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Abstract Detail


DeVore, Melanie [1], Wheeler, Elisabeth [2], Pigg, Kathleen [3], Siggers, Jordan [4].

Wood anatomy, phenology, and leaf type correlation, is it useful for tracking seasonality in fossil floras.

Paleobotanists have addressed identifying the deciduous habit in the fossil record using both leaves and wood anatomy. Trees with ring-porous wood are always deciduous (Boura & DeFrancheschi 2007), however, species with semi-ring-porous and diffuse wood types can also be deciduous. Foliar phenology is strongly correlated with the organization of water-conducting elements in wood (Lechowicz 1984; Wang et al. 1992). Lechowicz characterized the following trends with deciduous hardwoods: (1) early-leafing species (e.g., Acer, Betula, Populus) with distinct long-shoot/short-shoot growth and diffuse-porous wood, (2) later-leafing species with diffuse-porous wood lacking shoot differentiation, and (3) late-leafing ring-porous species (Lechowicz 1984, fig. 6). In central Georgia, USA, we observed that although the genus Ulmus is often an early (mid March) leafing genus, it has ring porous wood. However, Ulmus alata leafs out later from other species from mid-March to mid-April. Quercus acutissima also leafs out early and is ring-porous. In examining the leaves of both Ulmus crassifolia and U. parvifolia and early leafing species of Quercus (Q. acutissima) we found that they had craspedodromous leaves with toothed margins. ** Pinnate veins, with open secondaries, were characters shared by early leafing, ring porous species. This observation supports Walls' (2011) finding that vein patterns, leaf functions, and phylogeny have the potential for estimating functional attributes of fossil plant species and communities. We looked at the percentage of toothed, craspedodromous leaves, density of secondary veins, and the presence of numerous open secondary veins, in the latest early Eocene Republic Flora and found they accounted for more than 50% of the woody dicot species we recognize in the flora. This would be suspected for an alpine flora based on Walls' model. This seems to suggest that leaf architecture characters, along with wood anatomy, can provide a valuable tool for documenting the deciduous habit in the fossil record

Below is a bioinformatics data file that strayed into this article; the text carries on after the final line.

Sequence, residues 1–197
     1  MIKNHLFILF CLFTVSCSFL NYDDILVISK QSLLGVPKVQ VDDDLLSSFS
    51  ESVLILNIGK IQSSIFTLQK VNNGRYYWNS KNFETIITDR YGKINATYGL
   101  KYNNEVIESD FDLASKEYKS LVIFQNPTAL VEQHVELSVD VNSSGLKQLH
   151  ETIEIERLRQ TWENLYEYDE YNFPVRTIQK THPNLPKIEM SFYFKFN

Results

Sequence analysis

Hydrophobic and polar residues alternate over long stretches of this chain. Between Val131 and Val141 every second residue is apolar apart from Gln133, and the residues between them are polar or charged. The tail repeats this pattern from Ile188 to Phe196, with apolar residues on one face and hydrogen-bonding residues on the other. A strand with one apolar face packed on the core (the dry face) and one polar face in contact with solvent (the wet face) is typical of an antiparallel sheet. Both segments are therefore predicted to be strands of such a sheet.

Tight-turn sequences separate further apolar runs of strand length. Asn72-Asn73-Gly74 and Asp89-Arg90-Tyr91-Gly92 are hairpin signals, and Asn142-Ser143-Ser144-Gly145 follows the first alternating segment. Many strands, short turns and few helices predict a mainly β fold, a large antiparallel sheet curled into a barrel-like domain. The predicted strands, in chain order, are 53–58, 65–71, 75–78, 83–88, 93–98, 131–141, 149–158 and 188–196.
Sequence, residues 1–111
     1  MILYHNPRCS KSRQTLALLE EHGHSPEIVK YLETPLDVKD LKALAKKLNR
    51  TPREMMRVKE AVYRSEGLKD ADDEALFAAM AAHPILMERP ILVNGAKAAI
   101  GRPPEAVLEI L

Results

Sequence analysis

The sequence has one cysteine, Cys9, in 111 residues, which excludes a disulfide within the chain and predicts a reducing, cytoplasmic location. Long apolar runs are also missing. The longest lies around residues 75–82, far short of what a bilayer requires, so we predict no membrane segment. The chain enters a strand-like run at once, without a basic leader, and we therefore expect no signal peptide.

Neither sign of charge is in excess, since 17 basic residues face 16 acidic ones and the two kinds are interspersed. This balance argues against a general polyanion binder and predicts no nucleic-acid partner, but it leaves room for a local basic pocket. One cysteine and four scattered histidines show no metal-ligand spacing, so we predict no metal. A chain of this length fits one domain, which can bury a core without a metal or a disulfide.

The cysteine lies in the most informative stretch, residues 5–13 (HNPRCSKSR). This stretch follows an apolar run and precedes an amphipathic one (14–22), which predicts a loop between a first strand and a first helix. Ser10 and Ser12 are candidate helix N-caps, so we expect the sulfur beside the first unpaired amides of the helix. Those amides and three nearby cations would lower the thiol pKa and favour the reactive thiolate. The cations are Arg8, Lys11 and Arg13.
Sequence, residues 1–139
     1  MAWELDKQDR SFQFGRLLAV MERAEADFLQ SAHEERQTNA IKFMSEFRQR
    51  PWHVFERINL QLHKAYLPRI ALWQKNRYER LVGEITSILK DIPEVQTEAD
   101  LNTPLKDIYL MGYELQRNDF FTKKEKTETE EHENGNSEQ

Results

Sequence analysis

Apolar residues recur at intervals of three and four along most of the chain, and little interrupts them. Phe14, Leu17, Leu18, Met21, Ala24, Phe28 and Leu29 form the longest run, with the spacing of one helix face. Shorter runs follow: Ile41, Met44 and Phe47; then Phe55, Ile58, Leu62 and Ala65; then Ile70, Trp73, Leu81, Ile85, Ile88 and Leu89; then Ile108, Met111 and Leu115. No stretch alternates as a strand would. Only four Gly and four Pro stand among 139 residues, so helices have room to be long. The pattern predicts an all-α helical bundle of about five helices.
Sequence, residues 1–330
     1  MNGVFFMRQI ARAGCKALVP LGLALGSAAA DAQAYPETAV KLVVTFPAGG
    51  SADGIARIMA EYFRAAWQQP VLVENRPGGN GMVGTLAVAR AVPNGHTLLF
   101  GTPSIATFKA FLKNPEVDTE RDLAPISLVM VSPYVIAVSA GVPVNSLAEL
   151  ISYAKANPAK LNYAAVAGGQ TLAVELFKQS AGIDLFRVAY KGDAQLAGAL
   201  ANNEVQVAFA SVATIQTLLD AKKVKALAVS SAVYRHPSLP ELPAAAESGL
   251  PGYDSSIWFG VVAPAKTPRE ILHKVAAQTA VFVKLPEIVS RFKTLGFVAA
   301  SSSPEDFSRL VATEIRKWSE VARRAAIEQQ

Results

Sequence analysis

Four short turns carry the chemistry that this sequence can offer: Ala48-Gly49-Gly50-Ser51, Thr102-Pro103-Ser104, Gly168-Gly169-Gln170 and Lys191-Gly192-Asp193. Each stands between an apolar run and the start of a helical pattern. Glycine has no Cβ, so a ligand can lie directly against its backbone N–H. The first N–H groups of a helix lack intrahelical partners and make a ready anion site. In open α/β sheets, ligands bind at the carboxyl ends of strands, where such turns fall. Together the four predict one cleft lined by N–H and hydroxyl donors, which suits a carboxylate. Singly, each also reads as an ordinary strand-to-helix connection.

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1 - Georgia College & State University, Biological And Environmental Sciences, Campus Box 081, Milledgeville, GA, 31061, United States
2 - 710 Dixie Trail, Raleigh, NC, 27607, United States
3 - Arizona State University, School Of Life Sciences, PO Box 874501, Tempe, AZ, 85287, United States
4 - Georgia College and State University, Milledgeville, GA, 31061, USA

Eocene Republic Flora
Leaf Architecture.

Presentation Type: Poster
Session: P3, Paleobotany Posters
Location: Virtual/Virtual
Date: Wednesday, July 21st, 2021
Time: 5:00 PM(EDT)
Number: P3PB004
Abstract ID:947
Candidate for Awards:None

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